2. U.S. Department of Health and Human Services. The Health Consequences of Smoking: 50 Years of Progress. A Report of the Surgeon General. Atlanta, GA: U.S. Department of Health and Human Services, Centers for Disease Control and Prevention, National Center for Chronic Disease Prevention and Health Promotion, Office on Smoking and Health, 2014. Available from: http://www.surgeongeneral.gov/library/reports/50-years-of-progress/full-report.pdf.

3. England LJ, Bunnell RE, Pechacek TF, Tong VT, and McAfee TA. Nicotine and the developing human: a neglected element in the electronic cigarette debate. American Journal of Preventive Medicine, 2015; 49(2):286–93. Available from: https://www.ncbi.nlm.nih.gov/pubmed/25794473

4. Byrne S, Brindal E, Williams G, Anastasiou K, Tonkin A, et al. E-cigarettes, smoking and health. A Literature Review Update. CSIRO, Australia,  2018. Available from: https://researchnow.flinders.edu.au/en/publications/e-cigarettes-smoking-and-health-a-literature-review-update.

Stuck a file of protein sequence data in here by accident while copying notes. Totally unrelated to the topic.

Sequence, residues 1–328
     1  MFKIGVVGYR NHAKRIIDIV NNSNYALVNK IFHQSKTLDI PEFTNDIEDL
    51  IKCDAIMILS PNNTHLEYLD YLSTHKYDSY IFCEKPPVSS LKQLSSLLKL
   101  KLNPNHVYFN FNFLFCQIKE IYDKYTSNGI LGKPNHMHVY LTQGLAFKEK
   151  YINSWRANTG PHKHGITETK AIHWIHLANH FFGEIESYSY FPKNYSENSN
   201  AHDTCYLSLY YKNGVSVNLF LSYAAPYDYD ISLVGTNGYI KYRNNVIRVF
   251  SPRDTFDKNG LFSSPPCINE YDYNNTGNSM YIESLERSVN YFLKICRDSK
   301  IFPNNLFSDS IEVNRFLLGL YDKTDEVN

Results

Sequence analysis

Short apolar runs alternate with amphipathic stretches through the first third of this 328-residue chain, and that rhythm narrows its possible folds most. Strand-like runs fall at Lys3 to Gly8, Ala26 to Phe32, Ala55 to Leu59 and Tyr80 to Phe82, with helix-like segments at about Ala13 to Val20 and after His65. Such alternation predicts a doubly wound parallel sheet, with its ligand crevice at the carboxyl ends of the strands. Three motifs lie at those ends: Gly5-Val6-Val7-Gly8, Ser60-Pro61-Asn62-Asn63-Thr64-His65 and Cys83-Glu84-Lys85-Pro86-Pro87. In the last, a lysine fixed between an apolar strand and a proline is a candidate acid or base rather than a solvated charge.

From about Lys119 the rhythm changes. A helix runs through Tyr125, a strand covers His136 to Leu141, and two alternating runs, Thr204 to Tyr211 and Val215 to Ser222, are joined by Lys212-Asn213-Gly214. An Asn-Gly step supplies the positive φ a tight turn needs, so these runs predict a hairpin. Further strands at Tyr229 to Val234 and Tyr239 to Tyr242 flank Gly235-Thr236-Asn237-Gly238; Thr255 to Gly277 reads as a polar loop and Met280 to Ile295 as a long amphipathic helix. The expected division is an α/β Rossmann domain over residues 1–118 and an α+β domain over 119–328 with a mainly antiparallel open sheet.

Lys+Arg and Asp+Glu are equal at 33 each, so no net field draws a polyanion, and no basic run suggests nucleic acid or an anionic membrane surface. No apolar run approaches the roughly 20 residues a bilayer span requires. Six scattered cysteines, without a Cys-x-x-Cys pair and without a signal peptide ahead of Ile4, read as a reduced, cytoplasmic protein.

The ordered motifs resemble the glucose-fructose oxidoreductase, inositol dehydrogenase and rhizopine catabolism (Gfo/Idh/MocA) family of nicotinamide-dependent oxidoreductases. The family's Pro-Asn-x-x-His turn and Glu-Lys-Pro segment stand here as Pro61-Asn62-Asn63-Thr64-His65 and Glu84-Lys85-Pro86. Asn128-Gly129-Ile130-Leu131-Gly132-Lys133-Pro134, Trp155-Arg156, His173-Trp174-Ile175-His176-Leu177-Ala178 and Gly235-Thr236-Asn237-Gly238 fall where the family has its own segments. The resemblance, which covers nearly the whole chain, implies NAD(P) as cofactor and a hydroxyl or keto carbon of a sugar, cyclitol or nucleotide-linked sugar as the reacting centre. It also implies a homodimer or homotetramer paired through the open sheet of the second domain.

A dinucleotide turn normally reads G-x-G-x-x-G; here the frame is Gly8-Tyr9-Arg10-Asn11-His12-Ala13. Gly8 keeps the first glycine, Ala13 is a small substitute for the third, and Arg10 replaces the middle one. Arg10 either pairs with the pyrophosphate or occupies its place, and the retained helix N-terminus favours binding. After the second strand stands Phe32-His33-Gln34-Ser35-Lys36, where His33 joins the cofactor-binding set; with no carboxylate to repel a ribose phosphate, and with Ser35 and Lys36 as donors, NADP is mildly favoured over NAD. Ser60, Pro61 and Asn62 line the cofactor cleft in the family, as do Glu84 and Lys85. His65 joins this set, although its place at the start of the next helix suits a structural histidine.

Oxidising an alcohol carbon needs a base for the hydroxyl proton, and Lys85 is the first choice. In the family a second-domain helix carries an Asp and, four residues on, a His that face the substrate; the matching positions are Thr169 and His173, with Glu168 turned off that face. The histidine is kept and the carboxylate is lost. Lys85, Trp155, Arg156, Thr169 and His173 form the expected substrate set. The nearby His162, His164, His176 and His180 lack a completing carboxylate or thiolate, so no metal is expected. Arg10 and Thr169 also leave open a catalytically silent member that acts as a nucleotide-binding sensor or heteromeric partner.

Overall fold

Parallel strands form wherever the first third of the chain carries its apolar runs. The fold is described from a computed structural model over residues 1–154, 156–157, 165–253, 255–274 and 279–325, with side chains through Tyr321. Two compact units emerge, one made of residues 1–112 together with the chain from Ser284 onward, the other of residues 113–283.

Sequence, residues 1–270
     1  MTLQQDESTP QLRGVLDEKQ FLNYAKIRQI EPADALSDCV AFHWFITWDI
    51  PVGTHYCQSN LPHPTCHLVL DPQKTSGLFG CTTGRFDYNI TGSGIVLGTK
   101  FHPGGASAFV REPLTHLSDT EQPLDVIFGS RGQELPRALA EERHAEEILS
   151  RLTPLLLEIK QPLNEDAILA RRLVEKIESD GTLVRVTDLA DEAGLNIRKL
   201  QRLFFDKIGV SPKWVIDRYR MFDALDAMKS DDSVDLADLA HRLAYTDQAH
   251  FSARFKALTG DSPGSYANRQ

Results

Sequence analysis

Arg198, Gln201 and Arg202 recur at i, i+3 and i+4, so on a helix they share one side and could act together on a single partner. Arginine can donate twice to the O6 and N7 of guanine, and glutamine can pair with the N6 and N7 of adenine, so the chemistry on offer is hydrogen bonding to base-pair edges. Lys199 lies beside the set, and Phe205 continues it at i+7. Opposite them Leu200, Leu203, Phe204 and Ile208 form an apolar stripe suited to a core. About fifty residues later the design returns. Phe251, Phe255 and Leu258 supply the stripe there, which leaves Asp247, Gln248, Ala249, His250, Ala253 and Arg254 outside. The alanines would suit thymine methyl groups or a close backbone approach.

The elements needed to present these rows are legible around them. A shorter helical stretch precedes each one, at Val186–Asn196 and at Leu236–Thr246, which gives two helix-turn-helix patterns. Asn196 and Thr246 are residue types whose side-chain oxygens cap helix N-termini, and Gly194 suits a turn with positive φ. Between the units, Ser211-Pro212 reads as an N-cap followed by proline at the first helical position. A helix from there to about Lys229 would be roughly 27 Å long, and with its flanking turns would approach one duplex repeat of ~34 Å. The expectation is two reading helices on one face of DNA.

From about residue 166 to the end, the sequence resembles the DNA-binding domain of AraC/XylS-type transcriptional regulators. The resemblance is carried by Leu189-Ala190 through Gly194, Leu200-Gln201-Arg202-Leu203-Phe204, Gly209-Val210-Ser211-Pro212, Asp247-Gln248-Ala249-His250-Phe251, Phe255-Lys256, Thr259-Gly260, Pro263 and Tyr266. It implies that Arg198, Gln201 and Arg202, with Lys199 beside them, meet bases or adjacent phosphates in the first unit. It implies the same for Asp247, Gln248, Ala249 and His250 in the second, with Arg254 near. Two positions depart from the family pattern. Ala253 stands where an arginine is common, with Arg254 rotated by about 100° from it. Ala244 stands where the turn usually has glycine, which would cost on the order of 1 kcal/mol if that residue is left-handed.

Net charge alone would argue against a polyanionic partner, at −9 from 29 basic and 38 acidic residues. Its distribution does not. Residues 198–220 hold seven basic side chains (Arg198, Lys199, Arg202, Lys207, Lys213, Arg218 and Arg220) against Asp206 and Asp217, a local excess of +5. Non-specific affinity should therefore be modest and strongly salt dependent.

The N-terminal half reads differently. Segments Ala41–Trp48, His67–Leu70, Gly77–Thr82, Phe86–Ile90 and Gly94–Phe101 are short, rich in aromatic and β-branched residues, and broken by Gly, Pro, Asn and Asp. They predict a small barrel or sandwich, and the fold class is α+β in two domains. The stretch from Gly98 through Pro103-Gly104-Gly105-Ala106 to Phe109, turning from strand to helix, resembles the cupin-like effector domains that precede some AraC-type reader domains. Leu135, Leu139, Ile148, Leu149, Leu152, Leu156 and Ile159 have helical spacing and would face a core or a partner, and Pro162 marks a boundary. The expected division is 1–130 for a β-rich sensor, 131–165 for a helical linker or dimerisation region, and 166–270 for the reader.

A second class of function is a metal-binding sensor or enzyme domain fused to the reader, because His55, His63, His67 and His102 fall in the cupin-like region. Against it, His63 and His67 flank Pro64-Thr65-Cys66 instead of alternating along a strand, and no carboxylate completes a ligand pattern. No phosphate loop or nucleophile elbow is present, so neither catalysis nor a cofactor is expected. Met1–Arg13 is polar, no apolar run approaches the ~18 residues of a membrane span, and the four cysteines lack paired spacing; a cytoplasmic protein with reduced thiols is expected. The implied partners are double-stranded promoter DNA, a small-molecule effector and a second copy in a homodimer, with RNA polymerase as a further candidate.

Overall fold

5. Mescolo F, Ferrante G, and La Grutta S. Effects of e-cigarette exposure on prenatal life and childhood respiratory health: A review of current evidence. Frontiers in Pediatrics, 2021; 9:711573. Available from: https://www.ncbi.nlm.nih.gov/pubmed/34513764

6. Orzabal MR, Lunde-Young ER, Ramirez JI, Howe SYF, Naik VD, et al. Chronic exposure to e-cig aerosols during early development causes vascular dysfunction and offspring growth deficits. Translational Research, 2019; 207:70-82. Available from: https://pubmed.ncbi.nlm.nih.gov/30653941/

7. Orzabal MR, Naik VD, Lee J, Hillhouse AE, Brashear WA, et al. Impact of e-cig aerosol vaping on fetal and neonatal respiratory development and function: vaping and neonatal respiratory development. Translational Research, 2022. Available from: https://www.ncbi.nlm.nih.gov/pubmed/35351623